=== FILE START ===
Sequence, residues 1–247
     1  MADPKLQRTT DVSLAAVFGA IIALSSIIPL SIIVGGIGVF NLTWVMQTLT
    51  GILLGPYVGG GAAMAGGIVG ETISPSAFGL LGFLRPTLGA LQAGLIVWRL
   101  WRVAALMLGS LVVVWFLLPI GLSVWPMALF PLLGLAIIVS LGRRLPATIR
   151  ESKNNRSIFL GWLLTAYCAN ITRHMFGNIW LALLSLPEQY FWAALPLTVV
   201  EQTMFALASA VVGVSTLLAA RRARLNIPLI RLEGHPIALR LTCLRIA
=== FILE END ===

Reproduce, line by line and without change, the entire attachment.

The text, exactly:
Sequence, residues 1–247
     1  MADPKLQRTT DVSLAAVFGA IIALSSIIPL SIIVGGIGVF NLTWVMQTLT
    51  GILLGPYVGG GAAMAGGIVG ETISPSAFGL LGFLRPTLGA LQAGLIVWRL
   101  WRVAALMLGS LVVVWFLLPI GLSVWPMALF PLLGLAIIVS LGRRLPATIR
   151  ESKNNRSIFL GWLLTAYCAN ITRHMFGNIW LALLSLPEQY FWAALPLTVV
   201  EQTMFALASA VVGVSTLLAA RRARLNIPLI RLEGHPIALR LTCLRIA